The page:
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Jun 25, 2020

Researchers synthesize silicon-based quantum dots

Posted by in categories: biotech/medical, mobile phones, quantum physics

NDSU researchers recently developed a new method of creating quantum dots made of silicon. Quantum dots, or nanocrystals, are tiny nanometer-scale pieces of semiconductor that emit light when their electrons are exposed to UV light. The most common application of quantum dots is in QLED displays. Through their use, digital displays have become brighter and much thinner, resulting in improvements to television and, potentially, cell-phone technology.

Because silicon is abundant and nontoxic, silicon have unique technological appeal. Silicon quantum dots are currently being used for applications such as windows that remain transparent while serving as active photovoltaic collectors of energy, and they hold promise in medicine where quantum dots are coated with organic molecules to create nontoxic fluorescent biomarkers.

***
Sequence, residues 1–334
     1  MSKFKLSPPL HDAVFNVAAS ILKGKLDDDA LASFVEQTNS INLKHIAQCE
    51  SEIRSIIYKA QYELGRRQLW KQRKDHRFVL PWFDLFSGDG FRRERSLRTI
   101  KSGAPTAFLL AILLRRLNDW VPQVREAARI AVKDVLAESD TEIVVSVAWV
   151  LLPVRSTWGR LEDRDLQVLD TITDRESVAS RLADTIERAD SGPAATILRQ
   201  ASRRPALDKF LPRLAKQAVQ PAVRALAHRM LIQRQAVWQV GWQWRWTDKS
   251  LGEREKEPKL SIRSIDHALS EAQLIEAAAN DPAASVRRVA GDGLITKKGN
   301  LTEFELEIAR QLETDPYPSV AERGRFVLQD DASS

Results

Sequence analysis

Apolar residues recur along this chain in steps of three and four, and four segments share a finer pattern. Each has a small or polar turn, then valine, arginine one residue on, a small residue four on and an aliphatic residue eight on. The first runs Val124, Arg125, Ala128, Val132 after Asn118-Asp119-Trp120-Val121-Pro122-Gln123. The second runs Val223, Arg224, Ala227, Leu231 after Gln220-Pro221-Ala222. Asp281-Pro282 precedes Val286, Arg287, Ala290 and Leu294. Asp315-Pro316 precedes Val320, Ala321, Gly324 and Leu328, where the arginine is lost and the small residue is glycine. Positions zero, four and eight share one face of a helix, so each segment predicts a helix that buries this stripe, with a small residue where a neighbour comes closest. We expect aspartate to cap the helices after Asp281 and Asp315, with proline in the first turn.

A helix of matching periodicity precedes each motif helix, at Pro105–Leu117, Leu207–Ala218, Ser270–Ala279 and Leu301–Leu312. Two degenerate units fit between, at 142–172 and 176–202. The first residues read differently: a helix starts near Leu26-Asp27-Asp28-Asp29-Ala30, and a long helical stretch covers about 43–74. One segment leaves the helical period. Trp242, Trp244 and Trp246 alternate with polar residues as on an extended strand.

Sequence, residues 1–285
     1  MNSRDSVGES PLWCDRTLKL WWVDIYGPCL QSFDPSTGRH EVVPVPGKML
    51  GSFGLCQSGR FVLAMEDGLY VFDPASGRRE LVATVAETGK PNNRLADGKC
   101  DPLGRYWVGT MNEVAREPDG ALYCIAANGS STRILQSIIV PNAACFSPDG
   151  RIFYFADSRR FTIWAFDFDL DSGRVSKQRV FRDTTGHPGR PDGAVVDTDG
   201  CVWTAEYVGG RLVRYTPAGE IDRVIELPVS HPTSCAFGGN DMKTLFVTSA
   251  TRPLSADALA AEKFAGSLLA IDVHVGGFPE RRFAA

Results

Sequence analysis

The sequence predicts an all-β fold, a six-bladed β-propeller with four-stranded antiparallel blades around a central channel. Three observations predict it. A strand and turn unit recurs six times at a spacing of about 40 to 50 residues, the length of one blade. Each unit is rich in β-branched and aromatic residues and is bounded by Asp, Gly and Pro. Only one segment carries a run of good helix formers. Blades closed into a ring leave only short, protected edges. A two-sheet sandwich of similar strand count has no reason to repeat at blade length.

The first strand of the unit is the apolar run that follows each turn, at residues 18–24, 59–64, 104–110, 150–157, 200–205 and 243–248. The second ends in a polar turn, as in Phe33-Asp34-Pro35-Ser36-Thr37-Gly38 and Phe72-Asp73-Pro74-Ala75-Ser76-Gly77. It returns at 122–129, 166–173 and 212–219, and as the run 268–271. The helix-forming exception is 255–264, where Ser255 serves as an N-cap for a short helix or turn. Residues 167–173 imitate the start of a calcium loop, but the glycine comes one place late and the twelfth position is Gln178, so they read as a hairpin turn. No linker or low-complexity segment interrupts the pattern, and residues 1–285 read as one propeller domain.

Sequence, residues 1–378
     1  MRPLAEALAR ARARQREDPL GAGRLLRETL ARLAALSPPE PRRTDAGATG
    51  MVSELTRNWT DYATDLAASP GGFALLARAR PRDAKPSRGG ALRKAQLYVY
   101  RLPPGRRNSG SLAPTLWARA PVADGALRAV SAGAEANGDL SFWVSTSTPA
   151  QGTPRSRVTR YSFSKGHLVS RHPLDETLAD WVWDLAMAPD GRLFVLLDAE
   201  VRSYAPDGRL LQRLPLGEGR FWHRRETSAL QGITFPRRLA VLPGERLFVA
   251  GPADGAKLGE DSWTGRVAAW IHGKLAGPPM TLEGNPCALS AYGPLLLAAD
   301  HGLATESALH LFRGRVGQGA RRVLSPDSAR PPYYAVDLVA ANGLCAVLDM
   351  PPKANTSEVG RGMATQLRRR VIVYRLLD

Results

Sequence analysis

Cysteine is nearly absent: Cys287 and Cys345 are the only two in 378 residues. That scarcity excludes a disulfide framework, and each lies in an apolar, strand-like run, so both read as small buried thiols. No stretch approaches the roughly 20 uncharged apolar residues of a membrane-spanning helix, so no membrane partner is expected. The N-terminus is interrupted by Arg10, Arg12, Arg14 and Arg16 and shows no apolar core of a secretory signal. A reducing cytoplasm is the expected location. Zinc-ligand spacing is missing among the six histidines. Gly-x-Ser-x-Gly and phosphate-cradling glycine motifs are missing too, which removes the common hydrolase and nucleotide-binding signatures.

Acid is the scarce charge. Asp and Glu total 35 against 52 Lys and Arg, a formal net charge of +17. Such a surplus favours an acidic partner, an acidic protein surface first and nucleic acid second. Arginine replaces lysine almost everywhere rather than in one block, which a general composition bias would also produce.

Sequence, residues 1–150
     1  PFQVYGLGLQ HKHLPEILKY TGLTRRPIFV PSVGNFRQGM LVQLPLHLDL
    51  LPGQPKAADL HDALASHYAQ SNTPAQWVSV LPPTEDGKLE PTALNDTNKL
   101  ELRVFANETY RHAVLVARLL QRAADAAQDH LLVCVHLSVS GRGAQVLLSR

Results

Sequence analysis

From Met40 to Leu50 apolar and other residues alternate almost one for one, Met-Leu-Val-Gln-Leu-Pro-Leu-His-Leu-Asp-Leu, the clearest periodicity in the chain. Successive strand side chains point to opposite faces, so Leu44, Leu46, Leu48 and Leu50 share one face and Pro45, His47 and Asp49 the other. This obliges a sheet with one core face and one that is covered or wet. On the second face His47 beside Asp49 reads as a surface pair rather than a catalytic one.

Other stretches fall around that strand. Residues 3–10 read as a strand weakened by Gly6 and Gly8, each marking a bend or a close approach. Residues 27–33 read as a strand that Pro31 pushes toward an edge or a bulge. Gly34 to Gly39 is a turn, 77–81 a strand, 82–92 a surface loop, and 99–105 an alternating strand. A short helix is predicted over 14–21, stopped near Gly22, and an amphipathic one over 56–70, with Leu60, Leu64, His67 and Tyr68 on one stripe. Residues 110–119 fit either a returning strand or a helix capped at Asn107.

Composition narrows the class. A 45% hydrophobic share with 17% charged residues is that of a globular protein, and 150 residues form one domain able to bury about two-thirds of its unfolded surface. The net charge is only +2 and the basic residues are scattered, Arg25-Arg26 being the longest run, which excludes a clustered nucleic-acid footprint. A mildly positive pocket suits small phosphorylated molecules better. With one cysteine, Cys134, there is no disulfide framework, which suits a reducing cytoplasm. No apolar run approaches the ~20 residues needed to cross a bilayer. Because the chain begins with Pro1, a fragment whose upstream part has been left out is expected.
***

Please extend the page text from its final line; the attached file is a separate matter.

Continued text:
While traditional methods for creating silicon quantum dots require such as silicon tetrahydride (silane) gas or , the NDSU team’s research uses a liquid form of silicon to make the tiny particles at room temperature using relatively benign components.

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